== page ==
The term equivalent is intended to include nucleotide sequences coding for functionally equivalent chondroitinase ABC proteins. For example, DNA sequence polymorphisms within the nucleotide sequence of chondroitinase ABC (especially those within the third base of a codon) may result in "silent" mutations which do not affect the amino acid sequence of the chondroitinase ABC protein. However, it is expected that DNA sequence polymorphisms that do lead to changes in the amino acid sequence of chondroitinase ABC will exist. It will be appreciated by one skilled in the art that these variations in one or more nucleotides (up to about 3-4% of the nucleotides) of the nucleic acid sequence coding for chondroitinase ABC may exist due to natural allelic variation. Any and all such nucleotide variations and resulting amino acid polymorphisms are within the scope of the invention. Furthermore, there may be one or more isoforms or related, cross-reacting family members of chondroitinase ABC. Such isoforms or family members are defined as proteins related in function and amino acid sequence to chondroitinase ABC, but encoded by genes at different loci.

A fragment of the nucleic acid sequence coding for chondroitinase ABC is defined as a nucleotide sequence having fewer nucleotides than the nucleotide sequence coding for the entire amino acid sequence of chondroitinase ABC protein. Such fragments encode a catalytically-active fragment of chondroitinase ABC protein which depolymerizes chondroitin A, B, or C. Nucleic acid fragments within the scope of the invention include those capable of hybridizing with nucleic acid from other animal species for use in screening protocols to detect chondroitinase ABC or enzymes that are cross-reactive with chondroitinase ABC. Nucleic acid sequences within the scope of the invention may also contain linker sequences, modified restriction endonuclease sites and other sequences useful for molecular cloning, expression or purification of recombinant chondroitinase ABC or catalytically-active fragments thereof.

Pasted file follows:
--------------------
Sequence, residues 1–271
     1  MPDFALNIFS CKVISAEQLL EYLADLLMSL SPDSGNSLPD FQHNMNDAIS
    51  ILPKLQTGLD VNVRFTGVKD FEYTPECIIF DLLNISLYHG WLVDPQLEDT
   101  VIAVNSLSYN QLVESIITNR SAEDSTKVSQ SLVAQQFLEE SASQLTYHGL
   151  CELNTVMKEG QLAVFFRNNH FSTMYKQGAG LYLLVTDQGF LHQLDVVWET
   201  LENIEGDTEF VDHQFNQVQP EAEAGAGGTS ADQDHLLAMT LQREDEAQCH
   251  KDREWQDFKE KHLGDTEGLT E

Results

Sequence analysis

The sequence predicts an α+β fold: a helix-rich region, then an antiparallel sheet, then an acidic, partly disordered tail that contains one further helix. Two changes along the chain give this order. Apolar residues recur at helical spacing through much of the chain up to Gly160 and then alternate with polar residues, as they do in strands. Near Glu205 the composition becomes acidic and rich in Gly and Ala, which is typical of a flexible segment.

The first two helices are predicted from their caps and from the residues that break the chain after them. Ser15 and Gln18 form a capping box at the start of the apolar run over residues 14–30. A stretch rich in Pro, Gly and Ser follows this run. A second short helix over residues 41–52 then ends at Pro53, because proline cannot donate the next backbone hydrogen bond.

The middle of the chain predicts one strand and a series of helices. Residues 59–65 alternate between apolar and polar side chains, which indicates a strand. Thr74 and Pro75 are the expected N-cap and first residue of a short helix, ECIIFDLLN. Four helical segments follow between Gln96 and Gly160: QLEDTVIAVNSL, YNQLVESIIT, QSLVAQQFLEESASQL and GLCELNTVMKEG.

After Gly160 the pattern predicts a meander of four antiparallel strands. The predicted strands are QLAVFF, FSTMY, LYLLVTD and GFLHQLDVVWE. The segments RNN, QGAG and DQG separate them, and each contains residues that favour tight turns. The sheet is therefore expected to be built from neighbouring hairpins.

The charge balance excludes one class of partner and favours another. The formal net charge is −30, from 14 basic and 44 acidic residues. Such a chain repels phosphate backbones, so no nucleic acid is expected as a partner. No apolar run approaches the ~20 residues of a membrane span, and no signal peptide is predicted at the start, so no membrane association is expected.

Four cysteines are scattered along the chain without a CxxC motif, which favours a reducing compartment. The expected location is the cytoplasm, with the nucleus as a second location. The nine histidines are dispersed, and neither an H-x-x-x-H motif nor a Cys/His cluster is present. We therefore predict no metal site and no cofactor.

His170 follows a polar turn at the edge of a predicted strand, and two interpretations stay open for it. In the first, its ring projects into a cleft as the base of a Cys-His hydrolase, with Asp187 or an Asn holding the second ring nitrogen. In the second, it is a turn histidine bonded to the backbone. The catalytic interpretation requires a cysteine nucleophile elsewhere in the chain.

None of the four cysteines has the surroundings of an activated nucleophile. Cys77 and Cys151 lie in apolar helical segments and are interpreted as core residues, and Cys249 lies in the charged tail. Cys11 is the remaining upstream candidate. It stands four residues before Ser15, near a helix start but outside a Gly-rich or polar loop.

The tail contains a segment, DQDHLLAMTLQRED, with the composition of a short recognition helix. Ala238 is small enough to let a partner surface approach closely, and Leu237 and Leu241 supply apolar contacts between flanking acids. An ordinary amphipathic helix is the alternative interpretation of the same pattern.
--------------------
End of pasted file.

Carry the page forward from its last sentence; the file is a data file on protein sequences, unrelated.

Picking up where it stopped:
This invention also provides expression vectors containing a nucleic acid sequence coding for chondroitinase ABC, operably linked to at least one regulatory sequence. Operably linked is intended to mean that the nucleotide sequence is linked to a regulatory sequence in a manner which allows expression of the nucleotide sequence. Regulatory sequences are art-recognized and are selected to direct expression of chondroitinase ABC. Accordingly, the term regulatory sequence includes promoters, enhancers and other expression control elements. Such regulatory sequences are described in Goeddel, Gene Expression Technology: Methods in Enzymology 185, Academic Press, San Diego, Calif. (1990). It should be understood that the design of the expression vector may depend on such factors as the choice of the host cell to be transformed and/or the type of protein desired to be expressed.